Sunday, November 8, 2015

Would I do the Grand Slam of Running Again If Picked for Western States?

In a word...yes.

Now why would I want to suffer again through four more 100 mile races in 10 weeks, especially including what will most certainly be a nightmarish run at Leadville?

Good question. I really cannot answer that.

Maybe because it is so darned tough to do that I want to take up that challenge again? Maybe I would be one of the only few that actually finished more than one? Maybe it's because of this trophy that I earned when I finished it in 2013?






I only have about a 4% chance of getting into Western States anyway, so I'm making other plans for next year. But, a slim possibility is still a possibility, right? :-D


Friday, June 5, 2015

Towpath Run - Advice For Those going the Distance Tomorrow - Good Luck!

 

We have at least 35 people going the full 34.6 mile distance tomorrow at the RVRR Towpath Training Run. That is incredible how many people are attempting the ultra distance these days. There are a lot of people going ultra for the first time tomorrow. I wish you all the best of luck, but I leave you with some suggestions for tomorrow...

1) Your last full meal should be lunch, or a very early dinner, around 3PM at the latest. The main reason is that you want to make sure all that food that you eat passes through your system completely and is evacuated from your body in time for the event tomorrow. It's not a nice feeling to still have all that food in your gut when you run long tomorrow, so get that last meal done early tonight.

2) Your last full meal should NOT be full of carbs. Rather, it should be a healthy mix of protein, fat, and a little carbs. Suggestions would be grilled chicken with broccoli rabe (which I will be eating today), or for the vegetarian, an omelete (or frittata) with vegetables in it. Vegans can get by with a salad with tofu and nuts the day before the race.



3) The early last meal doesn't mean you should starve the rest of today and into tomorrow. Make sure you can snack a little so that you stay sated while keeping light with your diet. Fruit, dried fruit, and nuts (no peanuts) would be ideal for tonight. Also, drink a lot of water. The temps will be mild, but it is predicted to hit 80 degrees tomorrow, so there is a bit of warmth there.

4) Tomorrow morning, you should stay light with your diet. I know some people can get by with a bagel, but can be a bit heavy on some people right before a run. Dried fruit or nuts would be ideal. I usually keep those on hand as I dress up and drive over to the start of the run. Also keep water on hand, of course.

5) Make sure you have something with you so that you can carry water and food while running. The aid stations are pretty much stocked well, but you still want to make sure you have nutrition and water on demand when you need it the most. A Camelbak, Nathan, or other hydration pack is ideal. A fuel belt also will work here too. At least carry one bottle of water with you at all times on the run.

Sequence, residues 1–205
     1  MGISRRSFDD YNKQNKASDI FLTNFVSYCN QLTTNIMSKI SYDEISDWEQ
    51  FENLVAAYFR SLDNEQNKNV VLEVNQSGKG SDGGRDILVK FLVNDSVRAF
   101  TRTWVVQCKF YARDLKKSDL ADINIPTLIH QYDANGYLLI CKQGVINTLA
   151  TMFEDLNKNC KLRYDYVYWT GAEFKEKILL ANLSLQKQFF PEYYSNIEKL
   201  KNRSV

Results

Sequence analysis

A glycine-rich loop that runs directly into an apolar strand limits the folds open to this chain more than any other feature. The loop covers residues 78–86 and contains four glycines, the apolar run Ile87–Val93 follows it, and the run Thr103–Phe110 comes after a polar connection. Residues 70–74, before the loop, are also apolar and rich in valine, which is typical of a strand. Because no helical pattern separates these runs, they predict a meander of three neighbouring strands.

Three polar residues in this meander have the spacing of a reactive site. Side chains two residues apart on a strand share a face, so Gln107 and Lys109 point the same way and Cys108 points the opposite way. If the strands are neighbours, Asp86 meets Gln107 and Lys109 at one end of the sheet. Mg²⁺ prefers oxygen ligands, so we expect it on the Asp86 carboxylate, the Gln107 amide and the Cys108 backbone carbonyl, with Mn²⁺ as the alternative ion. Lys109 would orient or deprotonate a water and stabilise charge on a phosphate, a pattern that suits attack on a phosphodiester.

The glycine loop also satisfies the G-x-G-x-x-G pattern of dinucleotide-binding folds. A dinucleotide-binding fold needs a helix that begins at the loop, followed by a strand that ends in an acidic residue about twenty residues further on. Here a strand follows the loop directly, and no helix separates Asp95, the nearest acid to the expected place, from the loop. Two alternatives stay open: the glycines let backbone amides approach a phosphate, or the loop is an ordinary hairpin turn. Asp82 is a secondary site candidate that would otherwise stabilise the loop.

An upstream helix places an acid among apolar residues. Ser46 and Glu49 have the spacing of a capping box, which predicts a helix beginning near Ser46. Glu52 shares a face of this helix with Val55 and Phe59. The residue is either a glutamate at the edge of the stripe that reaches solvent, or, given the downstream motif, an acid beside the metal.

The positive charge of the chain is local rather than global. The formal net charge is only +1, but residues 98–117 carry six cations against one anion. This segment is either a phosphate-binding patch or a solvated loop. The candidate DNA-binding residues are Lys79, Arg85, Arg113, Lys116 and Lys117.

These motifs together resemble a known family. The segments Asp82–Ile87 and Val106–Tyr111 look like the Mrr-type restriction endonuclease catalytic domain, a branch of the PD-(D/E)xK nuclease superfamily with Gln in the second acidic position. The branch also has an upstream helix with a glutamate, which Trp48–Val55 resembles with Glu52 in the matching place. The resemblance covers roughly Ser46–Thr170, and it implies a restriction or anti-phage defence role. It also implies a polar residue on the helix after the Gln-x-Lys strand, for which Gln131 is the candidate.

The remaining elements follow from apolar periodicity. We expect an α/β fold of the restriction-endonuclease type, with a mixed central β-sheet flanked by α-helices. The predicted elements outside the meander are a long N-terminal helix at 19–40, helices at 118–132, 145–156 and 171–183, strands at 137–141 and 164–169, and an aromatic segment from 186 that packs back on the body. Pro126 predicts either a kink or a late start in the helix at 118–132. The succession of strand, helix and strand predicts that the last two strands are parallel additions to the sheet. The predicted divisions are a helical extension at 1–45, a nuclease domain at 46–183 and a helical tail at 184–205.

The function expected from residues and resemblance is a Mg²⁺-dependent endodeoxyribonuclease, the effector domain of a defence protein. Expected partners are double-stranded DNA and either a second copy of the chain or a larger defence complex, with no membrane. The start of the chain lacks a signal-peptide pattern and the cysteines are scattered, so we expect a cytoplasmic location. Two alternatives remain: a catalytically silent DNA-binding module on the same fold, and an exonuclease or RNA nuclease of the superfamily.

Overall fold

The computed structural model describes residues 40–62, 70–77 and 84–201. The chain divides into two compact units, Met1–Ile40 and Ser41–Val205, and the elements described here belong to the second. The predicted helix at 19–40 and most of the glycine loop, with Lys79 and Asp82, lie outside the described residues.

4) Eat more real food than energy gels and bars. You will be running this at a relaxed pace. A relaxed pace means that your stomach has the ability to digest foods, more than in a marathon or shorter distance run. And real food is much more superior than the energy food. Trust me on this! Real food meaning fruit, nuts, bananas, and beef jerky for the hardcore ultrarunners. Try to stay conservative on candies such as Twizzlers, Gummy Bears, and M&Ms; the sugars can cause an insulin crash, something you don't want happening to you during a long run.

5) Eat early and often. Even if you're not hungry on the opening miles of the run, have something literally at your fingertips to nibble on. If you wait until hunger strikes, it might already be too late to catch back up with your nutrition.



6) Lastly, have fun. Make sure you socialize with people in your group the entire time. We're social animals, and talking makes the miles go extremely quickly!

I wish you the best of luck tomorrow and I'll see you all at Johnson Park and the finish line!




Tuesday, April 7, 2015

Yes, I still swim!

A lot of my friends nowadays see me as an ultrarunner. But what most don't know is that I actually did come from a swimming background.


I chose the swim team when I entered high school. At Msgr. Farrell. High School.

It was a good team that I was on. We used to win a lot of matches against other high schools. The only team we couldn't really beat was Chaminade High School in Long Island.

When I entered varsity at the latter part of freshman year, my coach immediately put me into the distance events, the 200 meter and the 500 meter freestyle. Looked like he knew I took to distance better than speed. Little did he know what kind of distances I was going to be capable of!